The Home And Family

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With American Heritage approaching its fiftieth birthday in December 2004, we’ve asked five prominent historians and cultural commentators to each pick 10 leading developments in American life during the last half-century. In this issue Paul Berman, a contributing editor to The New Republic and the author of Terror and Liberalism , published by W. W. Norton & Company, selects the 10 biggest changes in the American home and family life. In other issues this year our authorities offer their choices of the halfcentury’s biggest transformations in politics, popular culture, business, and innovation and technology.

What have been the 10 greatest changes in American home and family life during the last half-century? I think the first of these changes has turned out to be the deepest of all—the change that set into motion all the other changes, the prime mover. This was, oddly enough, the change mandated by the Supreme Court in its 1954 ruling on . . .

1 Brown v. Board of Education .

The Brown decision ordered the end of racial segregation in the public schools, on the ground that racial segregation means racial hierarchy, and government-sanctioned racial hierarchy runs counter to the democratic spirit of the Constitution.

You may ask, What has this got to do with families and the home? Everything, oh, everything, in my view. But in order to explain why I think so, I must defer to one of the greatest authorities on family life who ever lived—Honoré de Balzac. In the series of novels and novellas he called The Human Comedy , Balzac catalogued the changes that had overtaken French family life during his own time, the early nineteenth century. These changes were vast. And in Balzac’s judgment, they were horrendous. Daughters became contemptuous of their fathers ( Le Père Goriot ). Sons were careless of their family’s hard-earned wealth (ibid.). Homosexuals inflicted crime on the rest of society (ibid.). Cousins were monstrous ( Cousin Bette ). Husbands were indifferent to the material wealth of their own families (ibid.). Wives were unfaithful (practically the entire Human Comedy ). And so on. And what was the ultimate source of these many dismaying changes, the moral catastrophe of French family life?

Balzac thought he knew. The ultimate source of the many disasters was the beheading of King Louis XVI m 1793. Until that moment family life in France, as Balzac imagined it, had floated serenely through the waters of a well-ordered society. Fathers and husbands ruled with a firm, just, and loving hand. Wives were obedient, pious, helpful, and ardent. Children loved and obeyed their parents. Cousins were un-monstrous. All society followed the pleasing customs of fidelity and morality, and these excellent customs were aromatized by a delicious feeling of passionate love in correct and Churchsanctioned ways. The social classes upheld the principles of mutual responsibility and honor. And all this, the splendid orderliness of a wellorganized society, rested on a single foundation, which was the principle of duly-constituted, legitimate authority. This was the principle of social rank and hierarchy. It was the principle of nobility and of upper nobility—the principle, finally, of monarchy.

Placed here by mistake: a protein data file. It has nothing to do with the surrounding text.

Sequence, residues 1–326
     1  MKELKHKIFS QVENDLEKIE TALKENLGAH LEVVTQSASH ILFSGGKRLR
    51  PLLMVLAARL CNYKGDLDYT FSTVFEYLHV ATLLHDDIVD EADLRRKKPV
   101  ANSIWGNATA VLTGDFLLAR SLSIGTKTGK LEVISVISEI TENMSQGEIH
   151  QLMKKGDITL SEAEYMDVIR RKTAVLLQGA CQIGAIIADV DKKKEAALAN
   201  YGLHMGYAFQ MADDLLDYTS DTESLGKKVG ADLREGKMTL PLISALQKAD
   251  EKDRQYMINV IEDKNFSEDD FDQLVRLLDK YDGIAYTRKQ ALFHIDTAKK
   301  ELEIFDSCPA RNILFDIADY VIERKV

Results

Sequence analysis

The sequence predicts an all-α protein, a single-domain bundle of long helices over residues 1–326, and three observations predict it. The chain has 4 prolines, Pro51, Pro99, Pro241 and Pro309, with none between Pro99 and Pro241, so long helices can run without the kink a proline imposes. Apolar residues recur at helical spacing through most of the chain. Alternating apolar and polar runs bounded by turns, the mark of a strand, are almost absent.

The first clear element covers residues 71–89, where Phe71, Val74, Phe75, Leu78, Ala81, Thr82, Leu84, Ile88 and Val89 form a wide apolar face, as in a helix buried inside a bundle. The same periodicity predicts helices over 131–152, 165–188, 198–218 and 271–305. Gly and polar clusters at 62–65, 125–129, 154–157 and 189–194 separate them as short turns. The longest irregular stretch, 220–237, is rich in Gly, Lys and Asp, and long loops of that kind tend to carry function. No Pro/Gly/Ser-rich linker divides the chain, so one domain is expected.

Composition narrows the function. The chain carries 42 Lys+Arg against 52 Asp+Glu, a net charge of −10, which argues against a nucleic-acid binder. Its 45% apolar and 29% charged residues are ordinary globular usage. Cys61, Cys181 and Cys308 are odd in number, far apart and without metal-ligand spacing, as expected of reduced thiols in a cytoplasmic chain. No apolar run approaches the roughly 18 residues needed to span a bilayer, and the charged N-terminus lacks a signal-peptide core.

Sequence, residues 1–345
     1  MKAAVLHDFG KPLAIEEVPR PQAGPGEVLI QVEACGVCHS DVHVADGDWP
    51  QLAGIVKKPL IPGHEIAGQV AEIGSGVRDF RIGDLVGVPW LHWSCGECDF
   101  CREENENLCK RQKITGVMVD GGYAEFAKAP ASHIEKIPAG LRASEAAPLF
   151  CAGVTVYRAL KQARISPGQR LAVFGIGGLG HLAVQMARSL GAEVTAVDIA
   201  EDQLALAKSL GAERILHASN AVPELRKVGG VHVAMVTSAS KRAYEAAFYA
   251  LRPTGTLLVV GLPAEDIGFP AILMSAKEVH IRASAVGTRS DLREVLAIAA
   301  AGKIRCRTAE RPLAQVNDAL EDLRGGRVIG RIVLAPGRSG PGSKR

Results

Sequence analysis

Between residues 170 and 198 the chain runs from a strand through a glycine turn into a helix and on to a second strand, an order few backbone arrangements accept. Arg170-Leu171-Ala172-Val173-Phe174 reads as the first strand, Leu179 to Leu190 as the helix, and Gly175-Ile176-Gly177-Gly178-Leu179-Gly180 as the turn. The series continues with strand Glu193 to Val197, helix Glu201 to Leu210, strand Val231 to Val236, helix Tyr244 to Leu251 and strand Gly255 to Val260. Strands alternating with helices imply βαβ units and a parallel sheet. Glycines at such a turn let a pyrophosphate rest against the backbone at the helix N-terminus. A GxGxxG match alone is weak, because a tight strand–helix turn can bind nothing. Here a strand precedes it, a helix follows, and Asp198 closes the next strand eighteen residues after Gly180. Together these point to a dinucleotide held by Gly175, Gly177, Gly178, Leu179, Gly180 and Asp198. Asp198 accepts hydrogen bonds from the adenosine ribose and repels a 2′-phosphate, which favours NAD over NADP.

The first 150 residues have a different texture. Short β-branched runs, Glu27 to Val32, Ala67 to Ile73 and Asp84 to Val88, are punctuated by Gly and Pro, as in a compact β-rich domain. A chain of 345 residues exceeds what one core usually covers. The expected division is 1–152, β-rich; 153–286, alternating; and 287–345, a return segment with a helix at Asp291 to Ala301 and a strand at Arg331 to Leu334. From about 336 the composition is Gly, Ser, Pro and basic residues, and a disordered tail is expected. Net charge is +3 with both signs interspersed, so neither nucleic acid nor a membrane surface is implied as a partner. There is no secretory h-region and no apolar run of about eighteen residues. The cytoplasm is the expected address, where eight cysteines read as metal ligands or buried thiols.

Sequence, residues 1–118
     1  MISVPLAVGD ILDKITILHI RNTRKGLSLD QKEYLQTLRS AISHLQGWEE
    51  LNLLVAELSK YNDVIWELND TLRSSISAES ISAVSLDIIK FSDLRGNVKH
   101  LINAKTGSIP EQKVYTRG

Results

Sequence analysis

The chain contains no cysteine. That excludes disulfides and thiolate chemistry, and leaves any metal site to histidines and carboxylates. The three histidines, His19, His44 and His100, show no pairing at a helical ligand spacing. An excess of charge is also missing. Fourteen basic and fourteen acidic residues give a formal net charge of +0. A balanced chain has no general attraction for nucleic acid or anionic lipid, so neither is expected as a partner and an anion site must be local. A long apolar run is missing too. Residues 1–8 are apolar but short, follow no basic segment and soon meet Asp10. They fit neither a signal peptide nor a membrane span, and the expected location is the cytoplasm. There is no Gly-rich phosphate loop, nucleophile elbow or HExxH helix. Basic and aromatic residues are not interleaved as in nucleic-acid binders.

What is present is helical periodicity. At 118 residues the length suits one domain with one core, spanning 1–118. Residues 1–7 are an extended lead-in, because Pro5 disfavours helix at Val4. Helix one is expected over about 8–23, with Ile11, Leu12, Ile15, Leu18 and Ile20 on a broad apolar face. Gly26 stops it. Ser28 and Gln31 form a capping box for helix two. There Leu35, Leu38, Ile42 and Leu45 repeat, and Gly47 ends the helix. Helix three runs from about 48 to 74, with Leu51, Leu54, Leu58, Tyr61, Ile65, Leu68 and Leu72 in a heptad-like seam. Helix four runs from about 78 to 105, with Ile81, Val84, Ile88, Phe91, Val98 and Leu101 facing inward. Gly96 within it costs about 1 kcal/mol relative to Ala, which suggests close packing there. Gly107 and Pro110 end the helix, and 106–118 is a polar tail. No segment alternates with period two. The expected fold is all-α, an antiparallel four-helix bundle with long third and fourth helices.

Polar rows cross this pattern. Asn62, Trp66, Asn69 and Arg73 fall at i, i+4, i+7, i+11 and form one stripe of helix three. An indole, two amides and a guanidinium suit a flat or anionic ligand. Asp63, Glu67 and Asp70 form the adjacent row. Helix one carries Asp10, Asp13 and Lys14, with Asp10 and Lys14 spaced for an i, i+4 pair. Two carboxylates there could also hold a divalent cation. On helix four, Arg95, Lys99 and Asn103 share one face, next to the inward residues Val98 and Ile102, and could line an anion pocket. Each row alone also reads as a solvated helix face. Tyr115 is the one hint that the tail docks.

Alas! In 1793 the great diabolical crime was committed. The guillotine blade descended, the king’s head was severed from his body, and society was likewise severed from its legitimate governing principle. All hell thereupon broke loose, in Balzac’s view. The sacred bonds of family life disintegrated. Crime triumphed over duty. And Balzac, wide-eyed in astonishment, his curly hair standing on end at the mere thought of how dreadful were the scenes around him, dipped his pen into the inkwell and set out to record the scandalous consequences.

Balzac’s estimation of the French Revolution and its results is not universally shared. Some people have pointed out that monarchy had its shortcomings, feudalism was not everything it was cracked up to be, the Rights of Man was good, and the French Revolution was, all in all, a worthy project. This has always been my own judgment on French history. I take a sans-culotteish view of these things. It was a pity about the king and his head. But the ancien régime had to go. Still, I grant that Balzac did notice something important. He correctly understood that the most intimate details of family life rest in mysterious ways on the largest and most public of political principles. He noticed that a change in the foundation of political principles may well wreak considerable changes in the intimate regions of family life.

But enough about the France of long ago. What about America? In our country we never did have much of a feudal past, except here and there, ages ago. Nor was our Revolution anything like the one in France. Nor have we ever had a king of our own. We do have Presidents. But we have never had to behead any of them, though the temptation to do so has sometimes been great. Yet we did in the past have a firmly mandated and legally binding principle of social authority, which somehow or another dominated every phase of social life. This was the principle of racial hierarchy, a principle that descended into modern American life from the slavery of yore, the principle that put white people at the top and black people at the bottom.